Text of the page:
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timing functionalities in linux

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linux-howto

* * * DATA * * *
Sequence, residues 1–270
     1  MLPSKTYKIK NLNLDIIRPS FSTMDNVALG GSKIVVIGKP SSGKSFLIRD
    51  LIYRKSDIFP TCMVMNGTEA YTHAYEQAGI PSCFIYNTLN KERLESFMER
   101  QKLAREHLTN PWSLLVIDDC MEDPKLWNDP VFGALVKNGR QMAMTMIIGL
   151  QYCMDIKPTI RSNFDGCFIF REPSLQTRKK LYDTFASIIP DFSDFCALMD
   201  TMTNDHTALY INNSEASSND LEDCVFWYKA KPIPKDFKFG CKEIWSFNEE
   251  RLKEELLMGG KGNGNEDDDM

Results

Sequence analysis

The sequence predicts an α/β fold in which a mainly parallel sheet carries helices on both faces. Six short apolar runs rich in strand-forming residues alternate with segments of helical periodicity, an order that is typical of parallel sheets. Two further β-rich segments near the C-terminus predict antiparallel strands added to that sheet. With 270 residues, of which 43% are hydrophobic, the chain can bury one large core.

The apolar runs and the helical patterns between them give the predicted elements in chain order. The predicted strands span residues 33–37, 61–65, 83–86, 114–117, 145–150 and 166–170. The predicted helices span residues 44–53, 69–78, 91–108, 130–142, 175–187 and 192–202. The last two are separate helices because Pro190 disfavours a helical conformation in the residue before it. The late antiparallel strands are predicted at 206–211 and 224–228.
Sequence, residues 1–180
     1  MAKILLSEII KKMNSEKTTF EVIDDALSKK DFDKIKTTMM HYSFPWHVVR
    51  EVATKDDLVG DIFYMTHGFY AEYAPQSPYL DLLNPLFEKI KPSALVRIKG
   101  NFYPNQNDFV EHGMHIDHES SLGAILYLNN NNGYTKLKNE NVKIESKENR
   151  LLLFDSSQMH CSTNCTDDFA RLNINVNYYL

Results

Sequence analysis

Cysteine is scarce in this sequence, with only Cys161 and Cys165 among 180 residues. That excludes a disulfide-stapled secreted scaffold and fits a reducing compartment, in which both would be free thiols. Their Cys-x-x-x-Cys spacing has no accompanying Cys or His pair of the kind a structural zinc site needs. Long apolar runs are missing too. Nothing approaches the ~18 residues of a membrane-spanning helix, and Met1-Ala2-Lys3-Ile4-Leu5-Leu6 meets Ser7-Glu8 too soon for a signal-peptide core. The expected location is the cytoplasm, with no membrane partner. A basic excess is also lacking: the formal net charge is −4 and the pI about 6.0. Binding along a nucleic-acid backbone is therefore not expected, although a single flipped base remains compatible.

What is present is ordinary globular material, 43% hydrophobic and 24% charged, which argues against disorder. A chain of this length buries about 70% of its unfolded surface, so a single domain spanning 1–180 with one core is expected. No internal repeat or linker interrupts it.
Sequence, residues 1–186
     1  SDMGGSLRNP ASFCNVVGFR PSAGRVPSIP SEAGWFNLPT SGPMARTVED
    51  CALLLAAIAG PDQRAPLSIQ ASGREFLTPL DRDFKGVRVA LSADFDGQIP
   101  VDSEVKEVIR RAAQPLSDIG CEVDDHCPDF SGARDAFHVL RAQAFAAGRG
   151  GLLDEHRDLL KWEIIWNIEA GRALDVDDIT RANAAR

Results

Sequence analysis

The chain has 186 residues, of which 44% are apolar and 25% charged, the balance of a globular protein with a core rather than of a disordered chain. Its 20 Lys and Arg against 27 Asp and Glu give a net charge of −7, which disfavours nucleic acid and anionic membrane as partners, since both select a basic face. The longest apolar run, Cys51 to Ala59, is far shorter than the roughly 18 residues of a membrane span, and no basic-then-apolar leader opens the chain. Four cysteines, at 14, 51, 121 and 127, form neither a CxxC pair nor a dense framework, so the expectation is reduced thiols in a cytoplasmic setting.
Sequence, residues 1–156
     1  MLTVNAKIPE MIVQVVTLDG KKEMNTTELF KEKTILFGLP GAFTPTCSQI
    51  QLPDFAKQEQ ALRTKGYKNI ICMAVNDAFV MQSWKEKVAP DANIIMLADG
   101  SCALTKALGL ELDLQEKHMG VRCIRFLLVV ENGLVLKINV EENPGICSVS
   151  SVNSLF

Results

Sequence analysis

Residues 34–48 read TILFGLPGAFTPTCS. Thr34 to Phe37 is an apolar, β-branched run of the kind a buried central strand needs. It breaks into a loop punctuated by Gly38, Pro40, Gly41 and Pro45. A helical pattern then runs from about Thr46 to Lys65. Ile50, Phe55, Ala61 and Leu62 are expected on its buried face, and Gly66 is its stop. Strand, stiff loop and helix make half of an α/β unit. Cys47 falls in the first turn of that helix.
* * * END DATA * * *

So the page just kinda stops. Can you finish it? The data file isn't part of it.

http://www.linuxquestions.org – hello everyone what are timing related functionalities in linux? what does linux have to offer with respect to measuring time? and does anyone know about the accuracy of timing for linux? thanks my answers Counters Clocks Alarm Timers Linux: • How linux keeps track of time • A Linux system actually has two clocks: One is the battery powered "Real Time Clock" (also known as the "RTC", "CMOS clock", or "Hardware clock") which keeps track of time when the system is turned off but is not used when the system is running. The other is the "system clock" (sometimes called the "kernel clock" or "software clock") which is a software counter based on the timer interrupt • First of all, I should say that you cannot guarantee user-mode processes to have exact control of timing because of the multi-tasking nature of Linux. Your process might be scheduled out at any time for anything from about 10 milliseconds to a few seconds (on a system with very high load). However, for most applications using I/O ports, this does not really matter. To minimise this, you may want to nice your process to a high-priority value (see the nice(2) manual page) or use real-time scheduling (see below) • It is difficult to get better than 10ms resolution in linux • Linux has a very simple view of what time it is; it measures time in clock ticks since the system booted. All system times are based on this measurement, which is known as jiffies after the globally available variable of the same name. Kernel response time: • Interrupt latency • ISR duration • Scheduler latency • Scheduler duration Linux Non-real-time Features – Linux scheduling algorithms are not designed for real-time tasks But provide good average performance or throughput – Unpredictable delay Uninterruptible system calls, the use of interrupt disabling, virtual memory support (context switch may take hundreds of microsecond). – Linux Timer resolution is coarse, 10ms – Linux Kernel is Non-preemptible. am i right? (HowTos)